FREDERICTON -- For Canadians who had to watch television to get the best view of Monday's total solar eclipse, just wait until the next one in seven years when the path of totality crosses parts of central Canada, the Maritimes and Newfoundland.

Chris Weadick of the Royal Astronomical Society of Canada said he expects many of the people who flocked to the central United States to experience Monday's event will head to eastern Canada for April 8, 2024.

"That shock and awe opportunity of seeing that shadow creeping across the landscape and pass right by you is quite an event and feeling to go through. You can't really explain it with words, you actually have to experience it," he said.

The path in 2024 will cross the southern tips of Ontario and Quebec, central New Brunswick, western P.E.I. and central Newfoundland.

"I can see the opportunity for Canadian groups to get together and promote the event. It will be a great opportunity for tourism," he said.

Catherine Lovekin, an astronomy professor at Mount Allison University in Sackville, N.B., said she expects New Brunswick will draw visitors hoping to avoid the crowds in big cities to the west.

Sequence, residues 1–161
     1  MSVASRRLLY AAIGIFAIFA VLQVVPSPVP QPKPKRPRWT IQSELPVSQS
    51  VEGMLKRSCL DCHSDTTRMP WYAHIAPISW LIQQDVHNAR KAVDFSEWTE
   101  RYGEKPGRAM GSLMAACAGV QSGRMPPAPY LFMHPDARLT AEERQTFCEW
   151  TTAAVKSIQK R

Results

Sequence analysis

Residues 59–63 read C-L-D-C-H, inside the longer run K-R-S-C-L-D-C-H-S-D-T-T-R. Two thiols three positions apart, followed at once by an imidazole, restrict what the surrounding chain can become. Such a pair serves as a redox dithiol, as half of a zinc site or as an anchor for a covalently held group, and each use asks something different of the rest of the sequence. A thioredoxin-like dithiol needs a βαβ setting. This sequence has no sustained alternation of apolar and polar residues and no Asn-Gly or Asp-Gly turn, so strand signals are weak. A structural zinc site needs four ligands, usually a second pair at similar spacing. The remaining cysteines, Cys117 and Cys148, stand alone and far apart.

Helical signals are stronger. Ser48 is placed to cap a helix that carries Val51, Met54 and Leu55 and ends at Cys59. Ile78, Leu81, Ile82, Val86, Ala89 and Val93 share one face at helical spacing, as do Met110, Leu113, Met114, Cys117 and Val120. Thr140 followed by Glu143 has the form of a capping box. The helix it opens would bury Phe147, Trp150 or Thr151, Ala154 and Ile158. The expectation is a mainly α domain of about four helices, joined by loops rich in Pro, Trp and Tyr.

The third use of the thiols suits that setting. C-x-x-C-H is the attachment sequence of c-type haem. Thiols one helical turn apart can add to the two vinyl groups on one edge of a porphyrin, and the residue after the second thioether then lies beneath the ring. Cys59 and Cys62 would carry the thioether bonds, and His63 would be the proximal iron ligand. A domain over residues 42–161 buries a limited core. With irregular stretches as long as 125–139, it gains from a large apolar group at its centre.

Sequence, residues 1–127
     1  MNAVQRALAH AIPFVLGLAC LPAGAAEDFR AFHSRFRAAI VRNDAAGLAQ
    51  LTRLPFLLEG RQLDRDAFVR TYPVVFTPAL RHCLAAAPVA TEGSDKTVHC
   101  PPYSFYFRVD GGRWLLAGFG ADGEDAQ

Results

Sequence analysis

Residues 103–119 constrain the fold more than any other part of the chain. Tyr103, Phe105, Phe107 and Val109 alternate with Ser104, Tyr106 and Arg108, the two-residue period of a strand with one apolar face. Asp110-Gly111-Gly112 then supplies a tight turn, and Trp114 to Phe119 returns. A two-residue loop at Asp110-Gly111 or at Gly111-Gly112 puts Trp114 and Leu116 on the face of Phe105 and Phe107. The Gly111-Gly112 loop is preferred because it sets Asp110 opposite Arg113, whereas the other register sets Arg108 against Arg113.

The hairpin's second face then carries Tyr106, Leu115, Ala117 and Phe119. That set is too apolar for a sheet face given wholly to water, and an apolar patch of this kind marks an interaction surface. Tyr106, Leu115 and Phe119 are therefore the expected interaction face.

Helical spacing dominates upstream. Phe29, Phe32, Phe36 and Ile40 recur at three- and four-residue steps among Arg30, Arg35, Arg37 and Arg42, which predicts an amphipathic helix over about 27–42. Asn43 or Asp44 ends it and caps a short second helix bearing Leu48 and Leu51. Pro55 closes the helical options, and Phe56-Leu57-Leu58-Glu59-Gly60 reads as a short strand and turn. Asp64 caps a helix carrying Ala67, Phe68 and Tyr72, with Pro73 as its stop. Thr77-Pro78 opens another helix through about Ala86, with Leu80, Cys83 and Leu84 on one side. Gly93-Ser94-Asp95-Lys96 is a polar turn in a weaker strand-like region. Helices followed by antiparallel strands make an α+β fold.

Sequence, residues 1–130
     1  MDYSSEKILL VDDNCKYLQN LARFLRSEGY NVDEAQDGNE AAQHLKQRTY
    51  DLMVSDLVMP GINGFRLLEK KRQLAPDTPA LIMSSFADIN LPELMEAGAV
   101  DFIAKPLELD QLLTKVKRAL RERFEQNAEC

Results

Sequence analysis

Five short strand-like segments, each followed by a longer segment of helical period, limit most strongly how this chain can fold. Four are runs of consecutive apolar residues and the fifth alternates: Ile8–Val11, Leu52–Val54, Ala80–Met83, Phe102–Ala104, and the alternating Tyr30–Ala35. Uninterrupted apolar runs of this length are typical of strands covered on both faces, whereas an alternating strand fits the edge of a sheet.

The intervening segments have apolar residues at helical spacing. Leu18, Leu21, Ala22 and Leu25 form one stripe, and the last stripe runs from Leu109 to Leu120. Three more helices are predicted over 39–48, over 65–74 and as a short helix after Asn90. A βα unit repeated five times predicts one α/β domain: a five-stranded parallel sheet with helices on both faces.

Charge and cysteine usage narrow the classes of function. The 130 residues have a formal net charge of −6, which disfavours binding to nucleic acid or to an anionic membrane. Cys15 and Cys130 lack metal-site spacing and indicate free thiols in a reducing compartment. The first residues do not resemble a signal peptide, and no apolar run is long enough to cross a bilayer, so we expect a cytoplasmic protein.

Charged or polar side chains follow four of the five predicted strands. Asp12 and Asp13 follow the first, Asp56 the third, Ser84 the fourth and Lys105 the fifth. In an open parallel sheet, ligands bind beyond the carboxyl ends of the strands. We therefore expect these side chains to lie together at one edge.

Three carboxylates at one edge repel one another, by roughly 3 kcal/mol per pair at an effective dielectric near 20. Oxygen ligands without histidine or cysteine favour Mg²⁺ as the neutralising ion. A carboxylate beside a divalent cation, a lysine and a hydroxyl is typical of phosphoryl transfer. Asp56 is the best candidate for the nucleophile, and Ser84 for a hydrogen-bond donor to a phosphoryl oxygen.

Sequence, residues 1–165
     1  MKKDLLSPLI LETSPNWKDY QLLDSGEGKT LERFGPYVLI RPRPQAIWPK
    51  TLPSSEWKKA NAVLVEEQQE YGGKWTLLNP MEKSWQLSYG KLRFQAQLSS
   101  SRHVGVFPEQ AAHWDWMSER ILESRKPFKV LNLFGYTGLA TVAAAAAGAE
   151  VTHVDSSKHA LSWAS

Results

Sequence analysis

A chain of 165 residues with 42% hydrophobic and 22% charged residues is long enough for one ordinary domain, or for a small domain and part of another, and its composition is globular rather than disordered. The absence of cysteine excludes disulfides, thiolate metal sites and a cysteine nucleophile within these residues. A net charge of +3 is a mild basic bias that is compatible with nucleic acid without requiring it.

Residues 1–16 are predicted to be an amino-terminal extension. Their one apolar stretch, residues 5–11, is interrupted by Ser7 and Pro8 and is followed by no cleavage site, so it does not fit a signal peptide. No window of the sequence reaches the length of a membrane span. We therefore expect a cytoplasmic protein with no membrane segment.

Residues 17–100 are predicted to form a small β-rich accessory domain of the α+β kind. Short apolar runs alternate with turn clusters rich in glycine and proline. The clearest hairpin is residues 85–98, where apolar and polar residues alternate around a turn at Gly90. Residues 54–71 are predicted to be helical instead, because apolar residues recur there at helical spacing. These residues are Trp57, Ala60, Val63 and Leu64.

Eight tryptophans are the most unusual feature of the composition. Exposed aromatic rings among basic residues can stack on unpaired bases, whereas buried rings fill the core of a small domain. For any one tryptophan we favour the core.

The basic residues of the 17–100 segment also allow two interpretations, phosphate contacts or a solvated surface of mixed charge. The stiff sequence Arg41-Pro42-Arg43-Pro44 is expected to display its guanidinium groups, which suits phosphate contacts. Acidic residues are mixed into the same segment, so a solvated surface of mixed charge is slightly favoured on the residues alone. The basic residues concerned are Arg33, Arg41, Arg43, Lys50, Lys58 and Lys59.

"Anyone serious about eclipse chasing will make the venture," she said.

Lovekin said both Monday's eclipse and the one expected in 2024 are a great opportunity to get children interested in science.

There was a long line-up of youngsters and their parents Monday afternoon to get into Science East, a science centre in Fredericton.

Stacey Waugh said she thought it was important to bring her four children who had never seen an eclipse before. Her youngest daughter, seven-year-old Josie, was excited to learn that Fredericton will be directly in the path of the one.

"That's cool," Josie said, as her mother pointed out that she will be 14-years-old.

Jennifer Gale, a science educator at Science East, was kept busy sharing eclipse filters with children and adults as the crowd grew. She said she expects there will be larger crowds and greater excitement for the next eclipse.

"In seven years when we're going to be totally in the dark, it will be pretty wild. People will be very excited," she said.

While much of the country had clear, sunny skies to view the partial eclipse Monday, Weadick said the April date for the next one could be a factor.

"We all know about April showers," he said.

Weadick said he'll be watching the forecast, and will be prepared.

"I'll also have the car packed in case I have to head north or south an hour to catch the sun without clouds," he said.